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Bring the rathe primrose that forsaken dies,
160 Where the great vision of the guarded mount Looks toward Namancos and Bayona's hold; Look homeward. Angel, now, and melt with ruth: And, O ye Dolphins, waft the hapless youth.
Weep no.more, woful Shepherds, weep no more, 165 For Lycidas your sorrow is not dead, Sunk though he be beneath the wat'ry floor; So sinks the day.star in the ocean bed, And yet anon repairs his drooping head, And tricks bis beams, and with new spangled ore 176 Flames in the forehead of the morning sky: So Lycidas sunk low, but mounted high, Through the dear might of him that walk'd the
waves; Where, other groves and other streams along, With nectar pure his oozy locks he laves,
160. “ The fable of Bellerus old," &c. the Bellerian promontory, or Land's end in Cornwall, near which is Mount St. Michael, a fortress on a rock, named from a supposed vision or apparition of St. Michaela
And hears the unexpressive nuptial song,
On the new Forcers of Conscience under the
To force our consciences that Christ set free,
Taught ye by mere A. S. and Rotherford ?
Would have been held in high esteem with Paul, 10 Must now be nam'd and printed heretics By shallow Edwards and Scotch what d'ye call : But we do hope to find out all your tricks, Your plots and packing worse than those of Trent,
That so the Parliament 15 May, with their wholesome and preventive shears, Clip your phylacteries, though bauk your ears,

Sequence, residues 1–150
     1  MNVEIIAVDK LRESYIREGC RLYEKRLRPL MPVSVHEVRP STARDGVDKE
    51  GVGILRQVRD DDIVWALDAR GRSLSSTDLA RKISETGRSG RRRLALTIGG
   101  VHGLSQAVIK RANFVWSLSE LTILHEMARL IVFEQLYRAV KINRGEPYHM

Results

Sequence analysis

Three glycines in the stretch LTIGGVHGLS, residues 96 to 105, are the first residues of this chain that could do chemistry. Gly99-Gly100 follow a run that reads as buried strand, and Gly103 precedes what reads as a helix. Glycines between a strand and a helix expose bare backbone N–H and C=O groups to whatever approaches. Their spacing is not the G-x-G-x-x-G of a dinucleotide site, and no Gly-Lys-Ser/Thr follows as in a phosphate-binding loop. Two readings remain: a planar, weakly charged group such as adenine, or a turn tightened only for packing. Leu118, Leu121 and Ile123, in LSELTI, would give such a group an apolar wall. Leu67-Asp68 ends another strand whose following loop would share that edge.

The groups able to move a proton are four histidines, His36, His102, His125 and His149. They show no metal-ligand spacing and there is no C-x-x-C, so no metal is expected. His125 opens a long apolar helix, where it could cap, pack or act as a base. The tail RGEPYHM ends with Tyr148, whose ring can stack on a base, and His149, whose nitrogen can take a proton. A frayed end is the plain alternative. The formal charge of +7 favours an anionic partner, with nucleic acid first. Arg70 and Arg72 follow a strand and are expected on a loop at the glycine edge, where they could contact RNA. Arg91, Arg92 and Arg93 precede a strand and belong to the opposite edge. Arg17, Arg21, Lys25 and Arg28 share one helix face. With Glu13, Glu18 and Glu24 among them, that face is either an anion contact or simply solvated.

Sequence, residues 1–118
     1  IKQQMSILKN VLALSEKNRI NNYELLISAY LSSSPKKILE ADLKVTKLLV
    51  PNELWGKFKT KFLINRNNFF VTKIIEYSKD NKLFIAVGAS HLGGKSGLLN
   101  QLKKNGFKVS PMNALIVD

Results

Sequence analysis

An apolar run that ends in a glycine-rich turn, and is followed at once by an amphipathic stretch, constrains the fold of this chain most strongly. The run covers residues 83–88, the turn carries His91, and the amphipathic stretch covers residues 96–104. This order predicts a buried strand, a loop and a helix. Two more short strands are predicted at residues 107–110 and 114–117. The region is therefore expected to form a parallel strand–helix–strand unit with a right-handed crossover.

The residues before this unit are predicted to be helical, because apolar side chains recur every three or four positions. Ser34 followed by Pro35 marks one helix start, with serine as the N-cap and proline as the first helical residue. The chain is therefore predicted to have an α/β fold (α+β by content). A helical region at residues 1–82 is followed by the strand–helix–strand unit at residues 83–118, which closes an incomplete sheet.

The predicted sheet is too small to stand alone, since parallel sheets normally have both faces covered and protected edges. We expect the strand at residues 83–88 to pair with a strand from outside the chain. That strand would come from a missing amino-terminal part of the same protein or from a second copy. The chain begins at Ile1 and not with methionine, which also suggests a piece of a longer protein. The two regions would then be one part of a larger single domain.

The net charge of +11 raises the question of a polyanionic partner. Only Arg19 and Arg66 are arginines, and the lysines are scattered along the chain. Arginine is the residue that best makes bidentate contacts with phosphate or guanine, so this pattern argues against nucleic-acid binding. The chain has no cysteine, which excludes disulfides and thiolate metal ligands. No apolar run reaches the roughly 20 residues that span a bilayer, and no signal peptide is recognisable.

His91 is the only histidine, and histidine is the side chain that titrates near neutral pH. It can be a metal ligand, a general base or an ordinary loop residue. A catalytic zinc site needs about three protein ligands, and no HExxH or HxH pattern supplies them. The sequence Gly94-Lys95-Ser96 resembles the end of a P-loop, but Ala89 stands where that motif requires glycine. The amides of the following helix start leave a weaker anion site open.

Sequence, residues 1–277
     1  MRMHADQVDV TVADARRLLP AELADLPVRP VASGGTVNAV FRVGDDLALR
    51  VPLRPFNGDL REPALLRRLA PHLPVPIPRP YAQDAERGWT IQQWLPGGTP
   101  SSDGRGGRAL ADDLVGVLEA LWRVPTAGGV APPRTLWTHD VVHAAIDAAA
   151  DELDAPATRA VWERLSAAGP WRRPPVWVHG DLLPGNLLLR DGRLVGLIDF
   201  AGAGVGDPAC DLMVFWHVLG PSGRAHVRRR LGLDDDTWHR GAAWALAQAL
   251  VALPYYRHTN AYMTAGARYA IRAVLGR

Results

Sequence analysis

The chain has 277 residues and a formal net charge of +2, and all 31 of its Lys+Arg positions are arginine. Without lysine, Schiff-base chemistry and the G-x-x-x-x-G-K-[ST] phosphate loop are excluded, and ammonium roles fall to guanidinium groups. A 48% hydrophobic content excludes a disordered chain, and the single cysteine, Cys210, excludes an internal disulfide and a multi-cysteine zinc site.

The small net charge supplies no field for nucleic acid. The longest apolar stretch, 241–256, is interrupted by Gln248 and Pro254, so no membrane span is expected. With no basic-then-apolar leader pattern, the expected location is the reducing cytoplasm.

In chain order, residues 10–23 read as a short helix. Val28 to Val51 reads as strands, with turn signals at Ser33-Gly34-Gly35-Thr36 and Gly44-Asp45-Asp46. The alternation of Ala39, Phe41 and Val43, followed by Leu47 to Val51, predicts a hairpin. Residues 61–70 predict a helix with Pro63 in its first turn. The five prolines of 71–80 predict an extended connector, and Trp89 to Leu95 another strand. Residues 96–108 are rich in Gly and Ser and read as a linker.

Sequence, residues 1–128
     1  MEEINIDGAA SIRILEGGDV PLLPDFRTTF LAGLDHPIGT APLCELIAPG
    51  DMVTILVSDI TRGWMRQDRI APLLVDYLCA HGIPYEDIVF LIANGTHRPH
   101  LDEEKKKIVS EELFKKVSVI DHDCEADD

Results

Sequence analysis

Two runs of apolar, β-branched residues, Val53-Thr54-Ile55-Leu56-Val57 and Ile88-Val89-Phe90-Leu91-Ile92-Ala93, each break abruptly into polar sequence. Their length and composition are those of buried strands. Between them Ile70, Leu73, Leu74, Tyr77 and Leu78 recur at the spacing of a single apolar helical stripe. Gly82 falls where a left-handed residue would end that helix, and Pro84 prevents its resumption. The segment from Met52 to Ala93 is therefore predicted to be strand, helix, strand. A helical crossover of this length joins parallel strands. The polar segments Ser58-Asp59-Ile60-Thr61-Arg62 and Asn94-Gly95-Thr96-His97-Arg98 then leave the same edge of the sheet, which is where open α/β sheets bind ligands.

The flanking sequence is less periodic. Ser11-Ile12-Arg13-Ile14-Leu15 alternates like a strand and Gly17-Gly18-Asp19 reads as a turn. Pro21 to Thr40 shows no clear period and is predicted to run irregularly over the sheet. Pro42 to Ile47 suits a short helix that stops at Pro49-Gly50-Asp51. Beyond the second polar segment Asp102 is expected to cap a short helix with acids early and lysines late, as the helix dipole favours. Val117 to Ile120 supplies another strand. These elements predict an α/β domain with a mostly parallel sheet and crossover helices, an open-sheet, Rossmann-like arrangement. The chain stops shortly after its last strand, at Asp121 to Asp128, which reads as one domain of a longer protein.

And succour our just fears, When they shall read this clearly in your charge, New Presbyter is but old Priest writ large.
THE FIFTH ODE OF HORACE, Lib. I. Quis multa gracilis te puer in rosa....rendered almost word for word without rhyme, according to the Latin
measure, as near as the language will permit. WHAT slender youth, bedew'd with liquid odours, Courts thee on roses in some pleasant cave,
Pyrrha? for whom bind'st thou
In wreaths thy golden hair,
Rough with black winds, and storms
Unwonted shall admire !
Hopes thee, of flattering gales
Unmindful. Hapless they To whom thou untry'd seem'st fair. Me, in my vow'd Picture, the sacred wall declares t' have hung My dank and dropping weeds
15 To the stern God of sea.
TO THE NIGHTINGALE.
Thou with fresh hope the lover's heart dost fill,
First heard before the shallow cuckoo's bill,
Have link'd that amorous power to thy soft lay,
Foretel my hopeless doom in some grove nigh; 30
As thou from year to year bast sung too late
Whether the Muse, or Love, call thee his mate,
L'herbosa val di Rheno, e il nobil varco;
Qual tuo spirto gentil non innamora ;
De sui atti soavi giamai parco,
La onde l' alta tua virtu s'infiora.
Che mover possa duro alpestre legno,
Guardi ciascun a gli occhi, ed a gli orecchi